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Common Questions Concerning the SHFileOperation API: Part 1

Over the years, I have seen many questions being asked on newsgroups and developer forums concerning the SHFileOperation API.  This API allows developers to perform file operations such as Copy, Move, Rename and Delete as well as provide rich UI for confirmation, error and progress dialogs. 

The API uses a struct named SHFILEOPSTRUCT, which contains many members and possible flags/values for those members.  As a consequence, there are many dark corners of the API that need better clarification.  While the documentation on MSDN contains helpful nuggets of information, I wanted to address some of the more commonly asked questions in this multi-part blog entry. 

Part 1:  Why does SHFileOperation return incorrect error codes that have nothing to do with what actually went wrong?

The newsgroups are filled with developers asking questions such as: "SHFileOperation returned error code 117 which maps to ERROR_INVALID_CATEGORY.   This doesn't make any sense!"

In the context of Win32 - that developer is correct.  The description for ERROR_INVALID_CATEGORY in winerror.h is: "The IOCTL call made by the application program is not correct."  What in the world does SHFileOperation have to do with IOCTL errors???   Absolutely nothing.  SHFileOperation isn't returning ERROR_INVALID_CATEGORY.  In this example it is actually returning DE_OPCANCELLED (0x75).  Don't bother searching for what DE_OPCANCELLED is.  It's not documented.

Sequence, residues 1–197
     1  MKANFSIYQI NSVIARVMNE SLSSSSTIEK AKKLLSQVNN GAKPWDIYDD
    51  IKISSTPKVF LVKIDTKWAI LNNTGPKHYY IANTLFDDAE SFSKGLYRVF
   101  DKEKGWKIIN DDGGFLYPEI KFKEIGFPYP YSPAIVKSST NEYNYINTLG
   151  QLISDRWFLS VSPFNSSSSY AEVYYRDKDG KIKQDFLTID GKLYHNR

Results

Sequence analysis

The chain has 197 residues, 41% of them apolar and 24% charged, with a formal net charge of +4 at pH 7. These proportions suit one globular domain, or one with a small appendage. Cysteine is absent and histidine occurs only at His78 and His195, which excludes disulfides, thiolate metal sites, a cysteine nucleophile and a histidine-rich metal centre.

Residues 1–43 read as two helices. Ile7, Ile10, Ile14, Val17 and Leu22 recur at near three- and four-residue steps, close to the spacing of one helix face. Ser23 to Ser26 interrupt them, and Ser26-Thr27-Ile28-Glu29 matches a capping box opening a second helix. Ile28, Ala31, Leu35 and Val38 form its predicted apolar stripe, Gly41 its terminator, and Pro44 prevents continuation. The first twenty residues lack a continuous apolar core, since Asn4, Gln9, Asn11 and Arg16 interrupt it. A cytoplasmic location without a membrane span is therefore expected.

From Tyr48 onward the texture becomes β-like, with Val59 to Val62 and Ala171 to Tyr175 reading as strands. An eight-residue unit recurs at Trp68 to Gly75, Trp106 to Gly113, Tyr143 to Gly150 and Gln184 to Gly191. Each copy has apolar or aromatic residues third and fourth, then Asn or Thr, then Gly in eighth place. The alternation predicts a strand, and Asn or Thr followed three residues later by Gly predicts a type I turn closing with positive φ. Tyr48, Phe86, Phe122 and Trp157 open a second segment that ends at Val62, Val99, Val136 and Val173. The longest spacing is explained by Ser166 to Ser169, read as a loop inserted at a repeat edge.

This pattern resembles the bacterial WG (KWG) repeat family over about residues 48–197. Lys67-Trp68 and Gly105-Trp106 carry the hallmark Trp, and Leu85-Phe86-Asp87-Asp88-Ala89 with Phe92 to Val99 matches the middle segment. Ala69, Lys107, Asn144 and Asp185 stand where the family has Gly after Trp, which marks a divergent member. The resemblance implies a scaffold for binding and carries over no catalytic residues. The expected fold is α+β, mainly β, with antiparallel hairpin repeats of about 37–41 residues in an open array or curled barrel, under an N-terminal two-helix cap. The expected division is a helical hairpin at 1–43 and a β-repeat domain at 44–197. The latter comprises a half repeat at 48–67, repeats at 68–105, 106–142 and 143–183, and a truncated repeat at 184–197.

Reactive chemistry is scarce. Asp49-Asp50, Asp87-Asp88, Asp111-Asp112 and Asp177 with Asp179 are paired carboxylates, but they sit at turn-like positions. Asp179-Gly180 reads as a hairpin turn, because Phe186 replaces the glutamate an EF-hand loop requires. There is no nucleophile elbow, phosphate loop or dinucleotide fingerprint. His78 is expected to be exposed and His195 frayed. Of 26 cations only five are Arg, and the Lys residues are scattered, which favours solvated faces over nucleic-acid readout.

Many of the error codes returned from SHFileOperation are either old DOS codes from the pre- Win32 era, or custom error codes defined in the copy engine for the old File Manager.  The SHFileOperation API was created from this code and first appeared in Windows 95/NT 4.  At the time, changing the error codes was not foreseen as a priority.  The problem that we see today is that these error codes overlap with those defined in winerror.h.  Other Shell APIs behave the same way.  For example, the ShellExecute API documentation states that any return code lower than 32 is an error.  Above that, it succeeded.  These are old DOS error codes as well.

For reference, below is a table of the error codes returned from SHFileOperation along with their corresponding description.

Error Code





Source and destination file are the same



Multiple paths were specified in the source of the operation, but only one destination path



Rename operation was specified but the destination path is a different directory.  Use move instead.



Source is a root directory, cannot be moved or renamed



Operation was cancelled by the user (or silently cancelled if the specified flags were supplied to SHFileOperation)



The destination is a sub-tree of the source



Security problems on source



The source or destination path exceeded or would exceed MAX_PATH



Operation involved multiple destination paths which can fail in the case of a move operation



The paths in the source or destination were invalid



Source and destination have the same parent folder.



The destination path is to an existing file



The destination path is to an existing folder



The name of the file exceeds MAX_PATH



Destination is a Read-Only CDRom, possibly unformatted



Destination is a Read-Only DVD, possibly unformatted



Destination is a Recordable (AudioL) CDRom, possibly unformatted



The file involved in the operation is too large for the destination media or file system



Source is a Read-Only CDRom, possibly unformatted



Source is a Read-Only DVD, possibly unformatted



Source is a Recordable (AudioL) CDRom, possibly unformatted



MAX_PATH was exceeded during the operation.

Generic Error